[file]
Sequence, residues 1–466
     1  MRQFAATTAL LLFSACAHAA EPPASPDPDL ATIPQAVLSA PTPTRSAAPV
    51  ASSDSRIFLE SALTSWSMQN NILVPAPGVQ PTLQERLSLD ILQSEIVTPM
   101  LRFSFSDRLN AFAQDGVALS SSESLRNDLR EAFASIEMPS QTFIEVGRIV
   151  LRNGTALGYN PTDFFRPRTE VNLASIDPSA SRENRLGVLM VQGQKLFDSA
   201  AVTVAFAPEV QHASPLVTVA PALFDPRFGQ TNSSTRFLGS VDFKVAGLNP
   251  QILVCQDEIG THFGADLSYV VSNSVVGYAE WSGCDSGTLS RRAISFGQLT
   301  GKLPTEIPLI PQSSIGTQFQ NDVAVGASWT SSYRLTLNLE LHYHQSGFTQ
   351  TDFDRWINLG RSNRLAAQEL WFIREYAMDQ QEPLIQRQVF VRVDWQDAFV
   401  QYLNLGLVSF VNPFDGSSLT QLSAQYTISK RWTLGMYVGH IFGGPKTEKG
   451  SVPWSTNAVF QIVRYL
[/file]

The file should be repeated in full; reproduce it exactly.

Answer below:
Sequence, residues 1–466
     1  MRQFAATTAL LLFSACAHAA EPPASPDPDL ATIPQAVLSA PTPTRSAAPV
    51  ASSDSRIFLE SALTSWSMQN NILVPAPGVQ PTLQERLSLD ILQSEIVTPM
   101  LRFSFSDRLN AFAQDGVALS SSESLRNDLR EAFASIEMPS QTFIEVGRIV
   151  LRNGTALGYN PTDFFRPRTE VNLASIDPSA SRENRLGVLM VQGQKLFDSA
   201  AVTVAFAPEV QHASPLVTVA PALFDPRFGQ TNSSTRFLGS VDFKVAGLNP
   251  QILVCQDEIG THFGADLSYV VSNSVVGYAE WSGCDSGTLS RRAISFGQLT
   301  GKLPTEIPLI PQSSIGTQFQ NDVAVGASWT SSYRLTLNLE LHYHQSGFTQ
   351  TDFDRWINLG RSNRLAAQEL WFIREYAMDQ QEPLIQRQVF VRVDWQDAFV
   401  QYLNLGLVSF VNPFDGSSLT QLSAQYTISK RWTLGMYVGH IFGGPKTEKG
   451  SVPWSTNAVF QIVRYL